At this morning’s SXSW session, FourSquare CEO Dennis Crowley discussed growing the company on data, maps and recommendations, and the future of location data as a utility…
With DodgeBall (a location-based social network acquired by Google in 2005) Crowley came to understand the value of geo-located check-ins, and conceived FourSquare using game mechanics (badges, leader boards etc) to motivate users to check-in. In four years, FourSquare has attracted over 30m users, growing at 1.5m users per month, with more than 1m merchants on the platform, and 60% of users now non-US. The ‘place database’ has over 50m entries. Interestingly, giant tech companies – from Twitter’s Vine, to Path, to Facebook’s Instagram – see FourSquare as “neutral space” and deliver location services through FourSquare’s API. And this is becoming a closed loop, with user tagging of videos or photos on these platforms driving FourSquare’s location intelligence. Despite all this, FourSquare is just 160 people, shipping new or updated software products every few weeks.
Crowley commented that there is a lack of insight into the massive opportunity and future impact of FourSquare transitioning from “cute” points, badges and gamification to mining the 3 billion check-in data points created by their user base. The “small human actions” that fuelled Google’s growth was clicking of links, and Facebook was ‘likes’: FourSquare can now mine the aggregate value of their user’s small human actions – which now amount to billions of data points – to draw conclusions about community, location, consumerism and sophisticated recommendations. “People are out there crawling the real world the way Google spiders crawl the web”.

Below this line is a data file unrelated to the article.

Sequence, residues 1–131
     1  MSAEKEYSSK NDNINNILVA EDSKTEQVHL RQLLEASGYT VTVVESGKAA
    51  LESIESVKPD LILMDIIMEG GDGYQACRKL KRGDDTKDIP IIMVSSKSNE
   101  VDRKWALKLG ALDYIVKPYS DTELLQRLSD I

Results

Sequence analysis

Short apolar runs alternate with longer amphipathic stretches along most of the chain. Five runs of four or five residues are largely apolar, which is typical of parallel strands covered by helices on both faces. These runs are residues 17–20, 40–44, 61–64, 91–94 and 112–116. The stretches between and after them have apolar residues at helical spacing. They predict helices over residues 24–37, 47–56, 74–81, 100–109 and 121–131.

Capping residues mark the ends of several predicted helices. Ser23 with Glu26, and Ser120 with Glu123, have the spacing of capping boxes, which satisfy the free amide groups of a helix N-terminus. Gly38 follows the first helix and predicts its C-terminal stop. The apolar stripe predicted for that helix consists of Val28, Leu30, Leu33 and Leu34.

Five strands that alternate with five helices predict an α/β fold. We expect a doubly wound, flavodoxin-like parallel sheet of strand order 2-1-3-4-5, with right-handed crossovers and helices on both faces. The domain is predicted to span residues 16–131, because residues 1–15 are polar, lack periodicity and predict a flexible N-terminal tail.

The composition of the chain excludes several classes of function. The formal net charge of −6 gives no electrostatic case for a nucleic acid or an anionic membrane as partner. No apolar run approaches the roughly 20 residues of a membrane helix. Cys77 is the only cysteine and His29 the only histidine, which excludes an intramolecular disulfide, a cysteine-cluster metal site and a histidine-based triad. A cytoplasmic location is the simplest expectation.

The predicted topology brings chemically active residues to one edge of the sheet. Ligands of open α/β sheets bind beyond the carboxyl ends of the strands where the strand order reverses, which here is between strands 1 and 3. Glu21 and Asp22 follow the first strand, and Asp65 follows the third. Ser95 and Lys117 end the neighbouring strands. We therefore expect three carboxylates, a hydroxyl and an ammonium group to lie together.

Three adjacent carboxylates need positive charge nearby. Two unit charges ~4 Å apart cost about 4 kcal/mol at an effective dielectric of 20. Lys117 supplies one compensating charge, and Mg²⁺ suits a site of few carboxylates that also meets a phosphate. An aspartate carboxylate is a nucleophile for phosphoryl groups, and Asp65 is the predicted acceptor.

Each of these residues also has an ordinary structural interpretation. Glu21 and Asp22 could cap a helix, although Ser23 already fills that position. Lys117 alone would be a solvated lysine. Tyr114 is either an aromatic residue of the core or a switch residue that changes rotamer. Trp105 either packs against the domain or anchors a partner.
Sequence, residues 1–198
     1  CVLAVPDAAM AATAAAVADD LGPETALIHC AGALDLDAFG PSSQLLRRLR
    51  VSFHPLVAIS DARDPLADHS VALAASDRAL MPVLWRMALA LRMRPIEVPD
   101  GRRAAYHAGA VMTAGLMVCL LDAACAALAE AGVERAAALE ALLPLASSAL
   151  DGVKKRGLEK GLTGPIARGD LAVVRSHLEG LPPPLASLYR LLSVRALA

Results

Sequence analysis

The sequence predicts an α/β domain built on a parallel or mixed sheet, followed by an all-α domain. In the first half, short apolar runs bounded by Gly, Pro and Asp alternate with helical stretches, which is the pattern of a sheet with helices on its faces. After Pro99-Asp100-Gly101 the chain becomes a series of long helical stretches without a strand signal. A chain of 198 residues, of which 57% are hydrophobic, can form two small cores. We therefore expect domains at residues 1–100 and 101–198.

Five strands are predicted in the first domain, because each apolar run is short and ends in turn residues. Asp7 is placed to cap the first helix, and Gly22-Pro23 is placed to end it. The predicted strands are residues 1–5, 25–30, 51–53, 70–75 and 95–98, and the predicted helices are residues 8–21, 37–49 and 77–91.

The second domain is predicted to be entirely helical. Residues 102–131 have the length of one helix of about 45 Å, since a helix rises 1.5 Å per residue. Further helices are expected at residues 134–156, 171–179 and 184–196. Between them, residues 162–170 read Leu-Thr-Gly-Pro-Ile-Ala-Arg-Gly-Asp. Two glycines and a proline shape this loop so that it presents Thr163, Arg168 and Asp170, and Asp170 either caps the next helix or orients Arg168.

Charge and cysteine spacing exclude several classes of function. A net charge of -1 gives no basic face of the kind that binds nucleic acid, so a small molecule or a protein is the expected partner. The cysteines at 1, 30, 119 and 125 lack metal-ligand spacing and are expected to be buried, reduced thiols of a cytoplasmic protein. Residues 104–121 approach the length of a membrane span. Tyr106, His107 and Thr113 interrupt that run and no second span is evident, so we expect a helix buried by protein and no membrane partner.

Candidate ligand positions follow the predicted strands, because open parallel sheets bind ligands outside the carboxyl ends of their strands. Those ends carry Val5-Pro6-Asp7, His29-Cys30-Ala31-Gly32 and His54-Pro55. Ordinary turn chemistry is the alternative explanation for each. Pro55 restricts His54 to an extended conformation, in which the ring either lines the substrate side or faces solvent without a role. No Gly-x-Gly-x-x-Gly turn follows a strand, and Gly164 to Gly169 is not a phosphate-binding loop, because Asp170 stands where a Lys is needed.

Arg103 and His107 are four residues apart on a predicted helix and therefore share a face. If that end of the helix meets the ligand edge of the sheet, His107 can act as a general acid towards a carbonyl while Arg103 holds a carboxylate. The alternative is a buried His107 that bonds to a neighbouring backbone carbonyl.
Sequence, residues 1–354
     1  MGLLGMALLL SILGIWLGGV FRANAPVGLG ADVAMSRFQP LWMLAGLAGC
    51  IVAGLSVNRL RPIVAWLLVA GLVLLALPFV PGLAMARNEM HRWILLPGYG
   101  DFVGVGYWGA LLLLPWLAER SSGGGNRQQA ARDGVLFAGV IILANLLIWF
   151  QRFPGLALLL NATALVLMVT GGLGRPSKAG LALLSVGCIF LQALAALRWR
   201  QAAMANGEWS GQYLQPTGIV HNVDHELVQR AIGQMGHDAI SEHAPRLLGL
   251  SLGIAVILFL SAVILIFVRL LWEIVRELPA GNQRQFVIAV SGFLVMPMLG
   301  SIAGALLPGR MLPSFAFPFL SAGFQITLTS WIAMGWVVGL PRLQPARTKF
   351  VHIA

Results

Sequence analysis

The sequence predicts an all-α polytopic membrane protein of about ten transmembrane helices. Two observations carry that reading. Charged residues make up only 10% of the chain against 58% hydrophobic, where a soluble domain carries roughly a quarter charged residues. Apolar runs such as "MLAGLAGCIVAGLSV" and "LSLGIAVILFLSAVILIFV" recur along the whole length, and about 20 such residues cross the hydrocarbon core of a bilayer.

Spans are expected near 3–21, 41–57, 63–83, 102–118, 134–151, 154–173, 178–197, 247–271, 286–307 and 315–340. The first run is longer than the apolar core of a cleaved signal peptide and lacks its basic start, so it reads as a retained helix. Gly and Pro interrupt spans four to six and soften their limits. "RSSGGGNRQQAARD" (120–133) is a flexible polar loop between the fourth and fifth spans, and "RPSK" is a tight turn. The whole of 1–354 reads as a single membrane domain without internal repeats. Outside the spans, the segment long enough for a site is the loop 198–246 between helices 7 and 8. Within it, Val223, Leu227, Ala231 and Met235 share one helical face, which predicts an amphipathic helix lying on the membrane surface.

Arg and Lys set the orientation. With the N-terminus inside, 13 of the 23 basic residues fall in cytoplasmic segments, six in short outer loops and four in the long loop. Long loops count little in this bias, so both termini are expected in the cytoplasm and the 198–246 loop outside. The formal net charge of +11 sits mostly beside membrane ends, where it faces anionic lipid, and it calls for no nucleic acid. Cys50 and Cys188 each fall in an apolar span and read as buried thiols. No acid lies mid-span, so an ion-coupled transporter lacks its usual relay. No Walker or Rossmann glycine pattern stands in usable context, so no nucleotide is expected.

Crowley commented that the opportunity lies in “understanding the context of use”: phones passively track where the user is and then “perking up” when a user deviates from their usual routine or place to actively make suggestions and drive behaviours (FourSquare Radar). For merchants, FourSquare has enough data to begin joining-the-dots around community and user profiles to more actively grow local businesses. Crowley hinted that in the future, users may no longer have access to all deals, with the apps rewarding the best users (by frequency of interaction and possibly some socio-economuc measure of value as a customer) with varying value and quantity of offers.
Asked about his mistakes, Crowley said one error was not putting search functionality front-and-centre sooner, as it drives people to think about the service as default local search. Talking about the future, Crowley echoed other keynote speakers from SXSW: don’t lose focus, just fix one thing well (“location is the thing that we do”), don’t get distracted by trying to do everything (e.g. the short-run “follow mode” that FourSquare tried, mimicking Twitter). In terms of future functionality, these will include: context data (queues, waiting times etc), including using data visualisation to “map the shape of places” based upon activity (e.g. roads); social-graphs and interest-graphs will have joint impact to construct dynamic recommendations; as above, increasing emphasis on passive geo-location (FourSquare Radar to “own the local discovery of places”) to drive active recommendations; and while they don’t have ambitions to be a transactional provider, Crowley believes FourSquare has a huge opportunity to make “point-of-sale transactions smarter”. Crowley is ultimately massively passionate about making it easier for people to consume data on what’s going on around them. “Local is going to be huge, maps need to be reinvented, FourSquare gets to invent the future of this stuff…”.